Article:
Talking openly about anxiety, or any mental illness, is a relatively new concept. For many, it can be a terrifying notion. It wasn't that long ago that psychiatric illnesses were not only a blight on the individual but on the whole family, as well. This is finally changing.
Effects of Anxiety
I was in my late 30s when I was diagnosed with generalized anxiety disorder (GAD). As a child of the '60s born of immigrant parents who survived both the Great Depression and World War II—each of them with their own harrowing experiences—I was raised with a don't-complain-pull-up-your-bootstraps-and-get-on-with-it mentality. As such, I grew up feeling unworthy of my anxiety.
Quite likely, you are well aware that self-care is vital for mental health, physical health, overall wellbeing, and quality of life. If you live with anxiety, though, it's also quite likely that practicing self-care in any way feels not just difficult but almost wrong somehow. Anxiety loudly tells us that self-care may be fine in theory or is good for other people but that it isn't something you can do, should do, or even deserve to do. Anxiety is wrong. Read on to discover the effects of anxiety that get in the way of self-care and to pick up some tips for self-care despite anxiety.
By default, I describe myself as an overall positive person. Despite that, I don’t always see myself in the most positive light, and my mental health plays a part in that. Things have been unstable because of it, and I often wonder if I will have anything resembling a positive future with my mind being how it is.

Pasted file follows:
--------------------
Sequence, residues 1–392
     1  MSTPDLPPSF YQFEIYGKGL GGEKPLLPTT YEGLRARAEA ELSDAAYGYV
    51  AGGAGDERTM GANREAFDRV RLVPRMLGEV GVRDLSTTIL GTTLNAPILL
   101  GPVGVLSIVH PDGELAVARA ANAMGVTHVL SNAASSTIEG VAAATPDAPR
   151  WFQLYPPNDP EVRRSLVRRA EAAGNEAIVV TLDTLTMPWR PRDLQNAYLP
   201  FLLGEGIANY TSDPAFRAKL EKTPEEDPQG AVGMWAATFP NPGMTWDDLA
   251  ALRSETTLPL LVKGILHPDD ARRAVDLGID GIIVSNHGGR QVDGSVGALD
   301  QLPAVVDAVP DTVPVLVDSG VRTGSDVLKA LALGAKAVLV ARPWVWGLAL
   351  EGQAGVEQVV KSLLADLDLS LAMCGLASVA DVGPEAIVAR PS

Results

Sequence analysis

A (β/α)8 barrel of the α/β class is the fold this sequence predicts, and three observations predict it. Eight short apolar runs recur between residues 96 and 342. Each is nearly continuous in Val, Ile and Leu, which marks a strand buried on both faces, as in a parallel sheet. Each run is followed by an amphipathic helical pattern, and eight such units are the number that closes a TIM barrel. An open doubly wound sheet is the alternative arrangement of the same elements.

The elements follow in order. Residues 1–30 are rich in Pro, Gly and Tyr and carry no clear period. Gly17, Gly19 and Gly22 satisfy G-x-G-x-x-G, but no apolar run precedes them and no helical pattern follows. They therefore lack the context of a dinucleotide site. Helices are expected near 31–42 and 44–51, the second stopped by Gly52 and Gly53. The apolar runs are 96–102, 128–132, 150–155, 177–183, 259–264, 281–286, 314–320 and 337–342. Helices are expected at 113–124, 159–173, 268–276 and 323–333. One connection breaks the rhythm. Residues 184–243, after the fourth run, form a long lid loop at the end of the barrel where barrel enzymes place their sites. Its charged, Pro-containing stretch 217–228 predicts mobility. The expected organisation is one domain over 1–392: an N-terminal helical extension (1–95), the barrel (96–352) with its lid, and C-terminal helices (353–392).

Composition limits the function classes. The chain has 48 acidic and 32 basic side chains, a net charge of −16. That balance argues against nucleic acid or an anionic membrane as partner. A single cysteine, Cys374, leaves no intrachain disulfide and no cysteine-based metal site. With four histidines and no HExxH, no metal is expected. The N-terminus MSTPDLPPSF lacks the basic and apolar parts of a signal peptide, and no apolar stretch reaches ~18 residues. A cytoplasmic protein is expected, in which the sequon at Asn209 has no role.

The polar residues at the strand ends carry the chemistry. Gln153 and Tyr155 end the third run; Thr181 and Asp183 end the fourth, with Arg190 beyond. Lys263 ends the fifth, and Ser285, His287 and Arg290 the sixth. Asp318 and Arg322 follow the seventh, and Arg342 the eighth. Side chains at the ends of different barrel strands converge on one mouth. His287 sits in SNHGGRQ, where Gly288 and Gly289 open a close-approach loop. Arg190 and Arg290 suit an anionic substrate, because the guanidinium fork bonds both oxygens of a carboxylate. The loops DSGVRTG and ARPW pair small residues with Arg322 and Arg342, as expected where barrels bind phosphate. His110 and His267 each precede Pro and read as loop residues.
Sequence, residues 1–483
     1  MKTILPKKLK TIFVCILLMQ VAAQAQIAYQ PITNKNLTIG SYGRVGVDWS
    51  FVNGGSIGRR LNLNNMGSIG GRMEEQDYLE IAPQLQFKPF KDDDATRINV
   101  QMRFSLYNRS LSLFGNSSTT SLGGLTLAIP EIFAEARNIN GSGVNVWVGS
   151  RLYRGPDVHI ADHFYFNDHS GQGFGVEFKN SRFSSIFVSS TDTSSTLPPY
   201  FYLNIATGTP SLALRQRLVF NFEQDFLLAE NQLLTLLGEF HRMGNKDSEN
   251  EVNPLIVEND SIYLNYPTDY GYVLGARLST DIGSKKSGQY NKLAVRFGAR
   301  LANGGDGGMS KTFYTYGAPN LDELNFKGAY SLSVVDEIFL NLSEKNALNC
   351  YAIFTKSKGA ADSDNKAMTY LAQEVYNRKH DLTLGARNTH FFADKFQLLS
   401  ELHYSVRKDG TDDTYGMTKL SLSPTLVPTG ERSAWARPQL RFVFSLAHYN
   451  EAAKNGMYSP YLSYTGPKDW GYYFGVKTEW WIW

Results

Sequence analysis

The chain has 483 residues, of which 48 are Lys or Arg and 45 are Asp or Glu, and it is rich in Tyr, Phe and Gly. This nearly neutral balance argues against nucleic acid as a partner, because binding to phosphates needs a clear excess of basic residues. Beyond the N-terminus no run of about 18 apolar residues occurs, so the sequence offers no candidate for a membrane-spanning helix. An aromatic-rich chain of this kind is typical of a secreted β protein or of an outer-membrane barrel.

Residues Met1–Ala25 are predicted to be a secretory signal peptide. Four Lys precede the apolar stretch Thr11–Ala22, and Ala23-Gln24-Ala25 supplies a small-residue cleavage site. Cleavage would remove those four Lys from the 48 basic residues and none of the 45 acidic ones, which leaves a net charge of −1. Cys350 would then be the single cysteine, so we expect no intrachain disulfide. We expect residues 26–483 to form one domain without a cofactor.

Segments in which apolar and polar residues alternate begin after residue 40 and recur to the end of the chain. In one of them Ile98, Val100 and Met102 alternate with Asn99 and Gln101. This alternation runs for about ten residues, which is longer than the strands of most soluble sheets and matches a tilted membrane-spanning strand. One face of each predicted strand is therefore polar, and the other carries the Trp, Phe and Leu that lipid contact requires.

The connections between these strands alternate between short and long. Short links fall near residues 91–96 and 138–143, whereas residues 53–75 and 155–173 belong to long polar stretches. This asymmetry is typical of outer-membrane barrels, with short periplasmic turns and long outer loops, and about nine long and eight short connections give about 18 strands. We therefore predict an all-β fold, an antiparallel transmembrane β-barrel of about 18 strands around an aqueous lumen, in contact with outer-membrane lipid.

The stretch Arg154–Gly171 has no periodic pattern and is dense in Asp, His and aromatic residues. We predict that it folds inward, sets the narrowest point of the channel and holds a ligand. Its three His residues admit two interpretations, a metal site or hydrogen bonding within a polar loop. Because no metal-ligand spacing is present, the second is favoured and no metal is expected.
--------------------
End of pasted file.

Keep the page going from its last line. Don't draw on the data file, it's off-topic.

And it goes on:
It's important to shift your self-talk when you're anxious because anxiety can (and usually does) make us painfully hard on ourselves. Any type of anxiety typically brings harsh self-judgments in the form of labels and negative self-talk. Often, it occurs so automatically and frequently that we almost get used to it and come to accept it as truth.
Being a cat owner, whenever I have to be away for an extended period of time, I have to arrange for someone to feed him. Every time I do that, without fail, I worry about him. It’s especially prominent during the few days before I have to leave him. It can often adversely impact my mental state for several days, so in this post, I want to explore why this may be the case.
I don’t know how many people feel limited by anxiety, but if I were to make a bet, I would say that quite a few people are impacted by the limitations of anxiety. So, I figured a post is recommended. When I am anxious, I find that there are certain things that I am unable to do because they are too mentally taxing. I’m not talking about things that I’m uncomfortable doing anyway – these are things that I love doing, things that I would ordinarily spend a lot of time doing if I wasn’t anxious. This post is about those things.
Sometimes, stressful things can happen without the slightest hint of warning. Recently, I woke up to find that my laptop had just stopped working. I had used it the previous evening, and it seemed fine. But then, for whatever reason, the hard drive just died.
Whether short-term or chronic, health concerns can cause anxiety and stress. Signs and symptoms of health-related anxiety and stress can range from mildly annoying to completely disruptive and debilitating. The signs might be obvious, or they might hide as something else. Here's what health anxiety and stress may look like to help you recognize them and take charge.
Anxiety can make people feel inferior and erode self-confidence. The harsh, self-critical, judgmental voice of anxiety can also distort the way we see ourselves, causing us to ignore our positive qualities and exaggerate our very human flaws and foibles. If anxiety ever makes you hard on yourself, keep reading. You don't have to take anxiety's word at face value.